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How Does Your Sense of Smell Work?

woman smiling while smelling bread in supermarket

We’ve made our way through the other four senses, and now it’s time to talk about the fifth and final sense: smell.

Smell may not immediately seem like the most compelling sense, but in a way, we saved the best for last. There is something special about smell: it has a unique link to memory and emotion, which no other sense has.

Have you ever smelled something that immediately called you back to a memory you’d nearly forgotten? Or, have you ever encountered a smell that affected your emotions, like the perfume of an ex-lover long after you broke up? It’s not just you: smells can have intense emotional effects on anyone, thanks to the way the sense gets processed in our brains.

Yet, how does a scent go from our noses to our emotions? Let’s take a look at this path from start to finish.

First, Smells Travel Through the Air

For us to smell something, there has to be something to smell. Just like there are sounds at times and silence at others, sometimes there are smells around us, and sometimes our environment smells neutral.

Of course, even when we can’t smell anything, smells are still available. They just might not be strong enough for us to detect. Animals with a better sense of smell than ours, like dogs, can detect scents where we find none.

Smells, when they travel through the air before reaching our noses, are simply molecules. Those molecules generally come from chemicals that are volatile—or, in other words, that evaporate easily. Some objects aren’t so volatile, so they don’t have much of a smell, because molecules from them don’t evaporate into the air quickly.

Those molecules float through the air and eventually make their way to our noses, where the process of smell really begins.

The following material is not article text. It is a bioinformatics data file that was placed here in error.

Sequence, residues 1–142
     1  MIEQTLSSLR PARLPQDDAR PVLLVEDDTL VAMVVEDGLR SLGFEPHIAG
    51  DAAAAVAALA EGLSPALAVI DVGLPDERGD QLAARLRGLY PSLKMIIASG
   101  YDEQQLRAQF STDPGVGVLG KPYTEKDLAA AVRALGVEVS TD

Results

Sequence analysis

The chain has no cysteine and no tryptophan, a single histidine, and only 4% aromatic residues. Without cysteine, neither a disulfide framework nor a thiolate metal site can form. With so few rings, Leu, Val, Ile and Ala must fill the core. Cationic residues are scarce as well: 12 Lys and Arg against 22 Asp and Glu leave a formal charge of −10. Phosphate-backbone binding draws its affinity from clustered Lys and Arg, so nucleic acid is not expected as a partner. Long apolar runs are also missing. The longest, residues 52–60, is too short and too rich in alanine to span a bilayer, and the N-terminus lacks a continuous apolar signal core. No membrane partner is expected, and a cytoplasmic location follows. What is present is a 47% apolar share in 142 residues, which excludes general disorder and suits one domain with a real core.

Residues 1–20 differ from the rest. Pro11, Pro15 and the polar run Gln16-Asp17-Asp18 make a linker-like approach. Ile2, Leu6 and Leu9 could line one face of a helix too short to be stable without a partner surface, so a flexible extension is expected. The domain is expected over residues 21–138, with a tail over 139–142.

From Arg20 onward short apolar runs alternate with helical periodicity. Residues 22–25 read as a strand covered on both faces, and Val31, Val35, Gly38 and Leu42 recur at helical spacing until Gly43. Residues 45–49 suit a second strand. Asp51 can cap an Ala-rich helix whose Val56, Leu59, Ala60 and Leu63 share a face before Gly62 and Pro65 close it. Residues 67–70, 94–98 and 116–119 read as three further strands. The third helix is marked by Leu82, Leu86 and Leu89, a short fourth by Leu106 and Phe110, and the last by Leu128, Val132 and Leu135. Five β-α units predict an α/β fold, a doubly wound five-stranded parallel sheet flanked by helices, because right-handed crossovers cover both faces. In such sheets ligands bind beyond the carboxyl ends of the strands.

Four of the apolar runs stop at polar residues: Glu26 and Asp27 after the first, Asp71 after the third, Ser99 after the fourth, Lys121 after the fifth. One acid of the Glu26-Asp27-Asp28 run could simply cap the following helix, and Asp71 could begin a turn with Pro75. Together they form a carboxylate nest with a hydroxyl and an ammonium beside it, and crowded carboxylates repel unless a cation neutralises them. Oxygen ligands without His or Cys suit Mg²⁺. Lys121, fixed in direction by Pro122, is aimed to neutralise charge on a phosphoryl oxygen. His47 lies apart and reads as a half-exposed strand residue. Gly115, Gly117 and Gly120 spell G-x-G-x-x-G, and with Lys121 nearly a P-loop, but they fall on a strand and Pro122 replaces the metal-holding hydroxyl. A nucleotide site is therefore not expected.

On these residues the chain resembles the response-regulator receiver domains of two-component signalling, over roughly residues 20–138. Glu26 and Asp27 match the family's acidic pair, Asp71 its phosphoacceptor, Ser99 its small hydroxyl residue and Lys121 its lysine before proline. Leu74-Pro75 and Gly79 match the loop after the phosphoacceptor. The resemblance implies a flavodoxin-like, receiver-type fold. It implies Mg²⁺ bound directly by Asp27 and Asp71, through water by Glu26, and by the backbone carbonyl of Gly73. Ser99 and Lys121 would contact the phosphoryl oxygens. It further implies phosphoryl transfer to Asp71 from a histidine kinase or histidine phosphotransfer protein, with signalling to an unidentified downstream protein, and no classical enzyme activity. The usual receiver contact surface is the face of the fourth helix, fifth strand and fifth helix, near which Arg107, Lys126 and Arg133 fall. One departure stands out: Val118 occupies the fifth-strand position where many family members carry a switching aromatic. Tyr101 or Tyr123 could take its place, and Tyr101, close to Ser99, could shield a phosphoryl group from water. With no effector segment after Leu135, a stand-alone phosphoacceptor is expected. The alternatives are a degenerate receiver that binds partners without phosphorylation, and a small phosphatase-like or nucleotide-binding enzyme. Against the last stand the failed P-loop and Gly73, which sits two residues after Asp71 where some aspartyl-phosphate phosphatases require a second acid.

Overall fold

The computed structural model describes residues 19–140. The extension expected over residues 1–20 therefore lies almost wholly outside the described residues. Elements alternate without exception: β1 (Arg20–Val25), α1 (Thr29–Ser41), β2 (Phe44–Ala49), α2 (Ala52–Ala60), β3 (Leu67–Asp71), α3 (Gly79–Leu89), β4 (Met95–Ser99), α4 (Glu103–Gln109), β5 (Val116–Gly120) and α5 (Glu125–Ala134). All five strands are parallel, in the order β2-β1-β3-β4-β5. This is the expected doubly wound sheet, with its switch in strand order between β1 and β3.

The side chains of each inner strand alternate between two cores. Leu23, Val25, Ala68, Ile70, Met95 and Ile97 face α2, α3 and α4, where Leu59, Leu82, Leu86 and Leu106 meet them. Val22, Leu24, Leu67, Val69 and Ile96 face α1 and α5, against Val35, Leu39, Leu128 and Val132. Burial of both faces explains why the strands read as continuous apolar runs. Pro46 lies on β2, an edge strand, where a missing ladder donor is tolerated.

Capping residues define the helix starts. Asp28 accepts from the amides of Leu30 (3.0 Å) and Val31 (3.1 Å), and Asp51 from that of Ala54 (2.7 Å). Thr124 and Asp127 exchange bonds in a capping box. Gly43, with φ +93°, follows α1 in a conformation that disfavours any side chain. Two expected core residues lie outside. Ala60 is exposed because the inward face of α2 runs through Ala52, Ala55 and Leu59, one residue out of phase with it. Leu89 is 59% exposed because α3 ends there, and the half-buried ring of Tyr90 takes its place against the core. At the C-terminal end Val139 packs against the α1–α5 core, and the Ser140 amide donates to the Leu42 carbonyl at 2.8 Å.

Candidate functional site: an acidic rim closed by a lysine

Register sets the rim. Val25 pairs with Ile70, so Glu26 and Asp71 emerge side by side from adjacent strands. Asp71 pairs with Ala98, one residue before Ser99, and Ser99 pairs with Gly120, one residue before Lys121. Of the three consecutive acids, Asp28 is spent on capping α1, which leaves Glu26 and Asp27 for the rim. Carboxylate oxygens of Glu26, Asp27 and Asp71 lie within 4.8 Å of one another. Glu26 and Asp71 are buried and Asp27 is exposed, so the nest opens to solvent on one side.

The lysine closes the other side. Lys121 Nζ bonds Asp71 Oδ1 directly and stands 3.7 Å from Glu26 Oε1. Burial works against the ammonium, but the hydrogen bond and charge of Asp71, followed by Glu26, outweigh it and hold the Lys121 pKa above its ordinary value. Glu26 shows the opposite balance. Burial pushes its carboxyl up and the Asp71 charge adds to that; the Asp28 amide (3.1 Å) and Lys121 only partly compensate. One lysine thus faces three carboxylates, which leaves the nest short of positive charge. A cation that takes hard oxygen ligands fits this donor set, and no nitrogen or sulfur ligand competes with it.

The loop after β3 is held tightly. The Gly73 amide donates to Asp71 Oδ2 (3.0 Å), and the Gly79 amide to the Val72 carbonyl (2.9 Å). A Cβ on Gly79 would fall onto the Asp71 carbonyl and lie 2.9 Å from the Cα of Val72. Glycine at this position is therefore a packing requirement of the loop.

Next, Your Nose Decodes the Smell

Inside your nose are many olfactory receptors. Each of your olfactory receptors deals only with a short list of scents. But, put together, all of these receptors can easily decode just about any scent you come across.

Your olfactory receptors are contained inside the olfactory sensory neurons, which lie deep inside your nose. While most of your neurons are below the surface of your body, these neurons sit on the surface and interact with the air inside your nostrils. Your nervous system connects these neurons to your brain. Most smells interact with multiple olfactory receptors at once, so your brain can get a clear idea of what it is you’re smelling.

Before it reaches your nose, a smell isn’t really a smell. It’s just some molecules in the air. But when they get to your nose, those airborne molecules can be translated into something recognizable.

Finally, Your Brain Reacts with Feeling

As with our other senses, our understanding of exactly how smells get processed in the brain is somewhat limited. However, we do know some things about the brain that make our experience of scent unique among the senses.

From your olfactory sensory neurons, information about the scent you’ve encountered gets sent to the olfactory bulb in your brain. Your olfactory bulb is the only sensory processing center that’s located in your limbic system.

The limbic system is a particular part of the brain that’s heavily involved in memory, mood, and emotion. Memory and scent seem to have evolved in tandem, giving them a unique link that’s not shared by any other sense.

Of course, our other senses do play essential roles in our memories, too, but the links aren’t quite as strong, because those senses don’t get processed in the limbic system. Meanwhile, the relationship between scent and memory is so powerful that the loss of smell is often one of the first symptoms of Alzheimer’s.

Because of this link, people tend to have unique emotional reactions to smells, depending on their prior experiences with that smell. A scent that was present during a bad experience can put you in a bad mood. Meanwhile, one that was present during a happy memory can make you feel happy when you reencounter it.

Smells can also bring up nearly forgotten memories thanks to the olfactory bulb’s place in the limbic system. That’s why, sometimes, encountering a specific scent can trigger a memory that you otherwise wouldn’t have thought of. Each of our senses can have fascinating effects on our brains and behavior, but smell is far more emotional and memory-oriented than most.

However, just because it’s emotional doesn’t mean it can’t also trick us. Next, we’ll be looking at some common ways each of our senses plays tricks on our minds—stay tuned to learn more about how the five senses work!

Elyse Hauser Elyse Hauser
Elyse Hauser is a Seattle-based writer and editor with a Master's in Writing Studies from Saint Joseph's University. Her work has appeared in publications like Racked, Vine Leaves Literary Journal, and Rum Punch Press. She was awarded a 2017 Writing Between the Vines residency.  Read Full Bio »